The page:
Investors dump new ASX player, DomaCom

Investors dump new ASX player DomaCom


DomaCom chief executive officer, Arthur Naoumidis, says shareholders should "relax"  because the fractional property investor's share price will eventually "reflect our business".

DomaCom chief executive officer, Arthur Naoumidis, says shareholders should "relax" because the fractional property investor's share price will eventually "reflect our business".

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Shares in property crowdfunder, DomaCom, have plunged to less than half their offer price since floating this month after a number of investors headed for the exit door.

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Shares in property crowdfunder, DomaCom, have plunged to less than half their offer price since floating early this month after a number of investors headed for the exit door.

Now a $24 million minnow trading at 29 cents a share, DomaCom stock had an initial offer price of 75c before its float on the Australian Securities Exchange (ASX) on November 7.

DomaCom raised $7.3 million, giving it a market cap somewhere above $80m.

Trouble hit on the first day when some of DomaCom's original investors made a fast break for liquidity, pushing the offer price down to 40c.

About 500 new investors bought into the float, joining about 200 existing investors.

"It was a small number of original investors who been in for four years and for their own personal reasons needed some liquidity and took the advantage," chief executive Arthur Naoumidis told The Australian Financial Review.

"Clearly, I was disappointed they did it on day one because that set the scene."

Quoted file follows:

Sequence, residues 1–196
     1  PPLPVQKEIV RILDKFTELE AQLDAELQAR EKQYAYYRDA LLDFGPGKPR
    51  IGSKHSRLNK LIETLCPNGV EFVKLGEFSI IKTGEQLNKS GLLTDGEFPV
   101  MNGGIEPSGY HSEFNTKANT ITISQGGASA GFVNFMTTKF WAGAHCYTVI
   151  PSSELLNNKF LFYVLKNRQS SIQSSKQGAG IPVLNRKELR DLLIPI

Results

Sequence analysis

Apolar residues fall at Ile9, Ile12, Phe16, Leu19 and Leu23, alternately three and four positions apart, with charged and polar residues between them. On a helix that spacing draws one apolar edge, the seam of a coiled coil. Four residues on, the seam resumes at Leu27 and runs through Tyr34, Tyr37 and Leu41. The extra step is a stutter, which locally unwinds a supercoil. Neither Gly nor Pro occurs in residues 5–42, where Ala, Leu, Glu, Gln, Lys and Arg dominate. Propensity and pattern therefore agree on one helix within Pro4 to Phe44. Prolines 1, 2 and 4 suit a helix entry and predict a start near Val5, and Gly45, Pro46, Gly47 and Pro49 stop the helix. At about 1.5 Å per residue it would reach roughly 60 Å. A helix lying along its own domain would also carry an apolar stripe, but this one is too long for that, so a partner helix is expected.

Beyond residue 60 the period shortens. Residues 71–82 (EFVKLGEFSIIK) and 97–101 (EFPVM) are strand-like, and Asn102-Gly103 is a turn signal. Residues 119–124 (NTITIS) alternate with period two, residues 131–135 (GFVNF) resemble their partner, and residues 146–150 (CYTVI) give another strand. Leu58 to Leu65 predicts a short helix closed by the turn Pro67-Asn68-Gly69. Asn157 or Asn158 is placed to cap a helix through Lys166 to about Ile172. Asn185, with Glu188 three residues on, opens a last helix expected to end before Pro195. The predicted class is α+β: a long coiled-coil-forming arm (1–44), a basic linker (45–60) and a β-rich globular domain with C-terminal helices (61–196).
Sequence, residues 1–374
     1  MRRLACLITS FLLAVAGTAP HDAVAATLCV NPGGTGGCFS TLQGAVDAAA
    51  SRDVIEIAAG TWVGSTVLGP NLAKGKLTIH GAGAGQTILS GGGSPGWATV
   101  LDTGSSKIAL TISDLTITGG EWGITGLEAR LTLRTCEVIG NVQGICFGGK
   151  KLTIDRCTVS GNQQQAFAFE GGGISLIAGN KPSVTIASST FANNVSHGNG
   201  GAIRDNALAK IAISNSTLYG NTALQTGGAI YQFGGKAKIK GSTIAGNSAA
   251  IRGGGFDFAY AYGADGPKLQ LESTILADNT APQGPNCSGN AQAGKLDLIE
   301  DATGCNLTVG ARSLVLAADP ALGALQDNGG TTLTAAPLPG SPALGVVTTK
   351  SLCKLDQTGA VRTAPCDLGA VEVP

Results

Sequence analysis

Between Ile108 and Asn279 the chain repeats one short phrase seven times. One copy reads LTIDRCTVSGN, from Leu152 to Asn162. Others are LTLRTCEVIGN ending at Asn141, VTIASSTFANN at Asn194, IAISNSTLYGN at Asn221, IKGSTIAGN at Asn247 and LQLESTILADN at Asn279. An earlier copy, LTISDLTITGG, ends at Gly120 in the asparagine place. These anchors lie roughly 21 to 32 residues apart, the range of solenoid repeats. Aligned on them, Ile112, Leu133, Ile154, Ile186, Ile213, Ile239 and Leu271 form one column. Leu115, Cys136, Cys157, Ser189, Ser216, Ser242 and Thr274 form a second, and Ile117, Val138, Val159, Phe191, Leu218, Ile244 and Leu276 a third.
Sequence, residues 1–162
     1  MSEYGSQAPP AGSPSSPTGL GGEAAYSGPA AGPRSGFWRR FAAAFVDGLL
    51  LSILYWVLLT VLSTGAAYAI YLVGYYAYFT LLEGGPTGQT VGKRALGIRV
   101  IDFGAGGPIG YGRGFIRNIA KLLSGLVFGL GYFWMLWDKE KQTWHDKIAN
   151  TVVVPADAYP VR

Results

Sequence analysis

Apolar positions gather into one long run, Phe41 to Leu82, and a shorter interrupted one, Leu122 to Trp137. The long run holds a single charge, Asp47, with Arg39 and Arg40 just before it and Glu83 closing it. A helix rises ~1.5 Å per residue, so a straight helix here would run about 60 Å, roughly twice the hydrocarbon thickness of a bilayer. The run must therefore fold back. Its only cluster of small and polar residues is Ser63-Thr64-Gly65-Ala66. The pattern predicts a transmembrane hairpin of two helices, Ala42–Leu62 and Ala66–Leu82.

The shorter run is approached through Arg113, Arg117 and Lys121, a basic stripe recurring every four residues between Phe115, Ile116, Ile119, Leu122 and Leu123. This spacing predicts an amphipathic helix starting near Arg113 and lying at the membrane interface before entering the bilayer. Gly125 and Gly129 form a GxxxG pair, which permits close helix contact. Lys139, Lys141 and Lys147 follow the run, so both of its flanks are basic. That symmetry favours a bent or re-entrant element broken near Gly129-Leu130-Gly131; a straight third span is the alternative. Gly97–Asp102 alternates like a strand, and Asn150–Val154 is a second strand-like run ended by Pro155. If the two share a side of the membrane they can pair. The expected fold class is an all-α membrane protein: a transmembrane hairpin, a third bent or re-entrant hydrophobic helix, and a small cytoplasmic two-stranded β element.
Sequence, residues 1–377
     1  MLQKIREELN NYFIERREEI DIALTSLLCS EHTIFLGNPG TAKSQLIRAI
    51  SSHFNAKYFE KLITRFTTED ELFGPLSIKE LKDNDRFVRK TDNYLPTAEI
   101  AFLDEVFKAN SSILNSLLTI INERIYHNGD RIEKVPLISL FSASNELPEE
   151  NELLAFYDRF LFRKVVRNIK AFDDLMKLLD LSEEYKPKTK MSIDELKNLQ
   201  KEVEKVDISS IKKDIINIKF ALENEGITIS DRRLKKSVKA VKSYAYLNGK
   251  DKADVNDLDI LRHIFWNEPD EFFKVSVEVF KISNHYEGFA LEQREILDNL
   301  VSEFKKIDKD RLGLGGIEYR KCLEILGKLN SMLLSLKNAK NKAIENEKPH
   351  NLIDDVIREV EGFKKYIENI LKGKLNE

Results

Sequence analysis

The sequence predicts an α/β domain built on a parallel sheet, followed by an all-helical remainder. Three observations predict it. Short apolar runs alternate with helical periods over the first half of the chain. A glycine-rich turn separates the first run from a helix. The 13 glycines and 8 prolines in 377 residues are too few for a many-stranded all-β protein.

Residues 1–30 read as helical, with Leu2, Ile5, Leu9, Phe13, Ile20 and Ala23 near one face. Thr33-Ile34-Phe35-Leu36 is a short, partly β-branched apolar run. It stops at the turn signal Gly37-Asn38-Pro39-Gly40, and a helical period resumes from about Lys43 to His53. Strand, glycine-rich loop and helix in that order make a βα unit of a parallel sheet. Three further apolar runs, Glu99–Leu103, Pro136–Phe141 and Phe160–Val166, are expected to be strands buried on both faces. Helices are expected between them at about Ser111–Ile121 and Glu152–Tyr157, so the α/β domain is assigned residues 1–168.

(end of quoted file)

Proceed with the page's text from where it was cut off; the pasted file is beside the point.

There was further pressure on the price early last week when one disgruntled investor, with 3.6 per cent of the stock, began selling down their stake after being denied a seat on the board.

Mr Naoumidis said those sell-downs had a big impact on the stock price given its relatively shallow register.

The price collapse had overshadowed recent good-news announcements, including DomaCom's rating approval from research house Lonsec and a listing agreement with AMP Capital's SuperConcepts platform for self-managed super funds.

Mr Naoumidis advised shareholders to "relax" and not worry about the stock price because it would eventually "reflect our business".

"Things are going well,” he said.

“We've made two major announcements that no one's noticed. Our momentum, now that we are listed, is going to accelerate," he said.

The DomaCom platform allows investment in fractions of real property through collective investment schemes and crowdfunding.

Its offerings target self-managed super funds and are on the approved product list of 41 financial adviser groups.

Earlier this year, before listing, DomaCom hit the headlines with an ambitious bid to buy Australia's largest landholder S.Kidman and Co with a $410 million crowdfunding campaign

This month DomaCom reported it $20 million in funds under management after bookbuilds for 32 properties, including pastoral holdings in Queensland.

  • This story first appeared in The Australian Financial Review
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